Jamaica’s world U20 triple jump silver medallist Jaydon Hibbert set a Games record and bounded out to a wind-assisted 17.05m (2.8m/s) to add to his long jump (7.62m) success a day earlier.

Jaydon Hibbert in the triple jump at the 49th edition of the Carifta Games in Kingston

Jaydon Hibbert in the triple jump at the 49th edition of the Carifta Games in Kingston (© Athelstan Bellamy)

Keyshawn Strachan, a towering Bahamian who stands at 6ft 5 inches, set the tone on the opening day when he launched the javelin 79.89m to establish a world lead and championship record, eclipsing the previous mark of 78.28m held by Grenada’s 2019 world champion Anderson Peters.

“I came to this championship with a positive mindset,” said Strachan. “My goal since I started training in September last year was to come to Jamaica and break the record. My next goal is to win gold in Cali, Colombia.”

His compatriot Dior-Rae Scott broke the championship record in the girls' U17 javelin, sending the spear out to 44.57m.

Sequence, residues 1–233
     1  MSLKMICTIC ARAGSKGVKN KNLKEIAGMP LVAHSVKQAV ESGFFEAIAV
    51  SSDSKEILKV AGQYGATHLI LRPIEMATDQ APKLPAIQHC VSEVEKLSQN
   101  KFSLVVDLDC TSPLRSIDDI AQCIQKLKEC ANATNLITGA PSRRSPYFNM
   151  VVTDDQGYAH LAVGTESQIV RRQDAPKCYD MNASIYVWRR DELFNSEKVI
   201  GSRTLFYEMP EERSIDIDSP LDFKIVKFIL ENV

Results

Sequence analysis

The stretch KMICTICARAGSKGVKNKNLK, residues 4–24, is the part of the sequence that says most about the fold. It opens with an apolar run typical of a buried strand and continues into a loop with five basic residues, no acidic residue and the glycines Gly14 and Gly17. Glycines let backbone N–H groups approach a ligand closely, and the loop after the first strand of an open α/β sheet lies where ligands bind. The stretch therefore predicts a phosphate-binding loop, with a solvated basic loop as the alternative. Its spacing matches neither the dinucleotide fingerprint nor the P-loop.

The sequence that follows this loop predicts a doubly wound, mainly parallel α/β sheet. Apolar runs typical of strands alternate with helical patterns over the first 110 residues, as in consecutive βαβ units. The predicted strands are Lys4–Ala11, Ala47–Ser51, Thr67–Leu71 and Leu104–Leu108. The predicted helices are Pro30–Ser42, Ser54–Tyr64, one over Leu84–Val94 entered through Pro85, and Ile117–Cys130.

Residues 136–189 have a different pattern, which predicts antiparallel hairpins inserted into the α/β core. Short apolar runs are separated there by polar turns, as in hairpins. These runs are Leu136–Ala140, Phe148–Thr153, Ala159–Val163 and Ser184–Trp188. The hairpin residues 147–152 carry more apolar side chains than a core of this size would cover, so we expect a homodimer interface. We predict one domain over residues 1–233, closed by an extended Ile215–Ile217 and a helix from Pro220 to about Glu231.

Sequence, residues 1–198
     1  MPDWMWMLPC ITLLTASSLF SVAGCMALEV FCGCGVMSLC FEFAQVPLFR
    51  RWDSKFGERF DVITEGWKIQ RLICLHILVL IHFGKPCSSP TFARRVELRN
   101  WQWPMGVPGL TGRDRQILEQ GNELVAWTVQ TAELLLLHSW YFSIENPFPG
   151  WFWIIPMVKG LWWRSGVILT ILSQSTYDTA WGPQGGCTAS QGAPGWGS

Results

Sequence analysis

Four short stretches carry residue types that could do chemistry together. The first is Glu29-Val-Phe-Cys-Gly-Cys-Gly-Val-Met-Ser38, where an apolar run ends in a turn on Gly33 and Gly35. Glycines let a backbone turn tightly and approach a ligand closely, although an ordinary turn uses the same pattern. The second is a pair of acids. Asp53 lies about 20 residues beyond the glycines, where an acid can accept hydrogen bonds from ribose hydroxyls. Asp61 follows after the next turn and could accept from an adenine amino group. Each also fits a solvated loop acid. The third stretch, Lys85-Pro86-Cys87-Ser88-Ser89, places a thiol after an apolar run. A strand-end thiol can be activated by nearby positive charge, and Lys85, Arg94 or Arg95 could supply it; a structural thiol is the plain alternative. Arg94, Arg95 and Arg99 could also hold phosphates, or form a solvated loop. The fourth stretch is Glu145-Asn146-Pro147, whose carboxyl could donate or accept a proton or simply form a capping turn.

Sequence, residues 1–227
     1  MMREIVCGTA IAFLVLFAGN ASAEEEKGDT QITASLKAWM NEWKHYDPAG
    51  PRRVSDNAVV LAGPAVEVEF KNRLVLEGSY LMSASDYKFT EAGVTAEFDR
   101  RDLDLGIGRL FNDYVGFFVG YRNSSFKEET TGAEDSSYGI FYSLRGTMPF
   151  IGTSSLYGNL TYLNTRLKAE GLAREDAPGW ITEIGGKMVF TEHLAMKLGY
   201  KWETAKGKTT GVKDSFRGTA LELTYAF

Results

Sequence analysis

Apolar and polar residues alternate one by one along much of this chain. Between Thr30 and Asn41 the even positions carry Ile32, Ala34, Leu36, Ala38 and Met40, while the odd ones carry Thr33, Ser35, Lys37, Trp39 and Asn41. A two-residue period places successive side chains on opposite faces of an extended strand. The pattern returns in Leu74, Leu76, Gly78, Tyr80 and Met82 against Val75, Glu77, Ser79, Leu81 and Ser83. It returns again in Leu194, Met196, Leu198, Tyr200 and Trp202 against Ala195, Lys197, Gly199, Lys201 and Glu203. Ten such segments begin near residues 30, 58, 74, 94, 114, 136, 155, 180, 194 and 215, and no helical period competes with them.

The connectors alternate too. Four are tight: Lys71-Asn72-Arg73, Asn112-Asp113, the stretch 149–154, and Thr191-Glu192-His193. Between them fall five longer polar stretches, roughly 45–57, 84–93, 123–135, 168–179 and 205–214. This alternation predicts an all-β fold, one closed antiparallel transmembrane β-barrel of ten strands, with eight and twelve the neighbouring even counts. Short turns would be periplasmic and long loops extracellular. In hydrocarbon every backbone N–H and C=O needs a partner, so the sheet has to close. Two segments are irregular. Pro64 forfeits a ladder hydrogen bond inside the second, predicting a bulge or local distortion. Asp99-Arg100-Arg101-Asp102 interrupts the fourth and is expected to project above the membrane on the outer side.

In the boys' U20 discus, Jamaica’s Kobe Lawrence threw 60.77m to win gold, his second-best performance behind his 60.92m personal best. Lawrence also showed his prowess in the shot put, pushing the metal ball out to 20.02m for a Games record. 

After its two-year postponement, World Athletics celebrated the return of the Carifta Games by launching a campaign to help plant 15,000 fruit trees in its honour in this year's host country of Jamaica. The campaign has seen World Athletics team up with One Tree Planted, a US-based donor-funded environmental NGO that plants one tree for every US dollar that is donated.

Participants can donate as little as $2 through the contribution page and during the event weekend contributions were raised for more than 2600 trees.

Noel Francis for World Athletics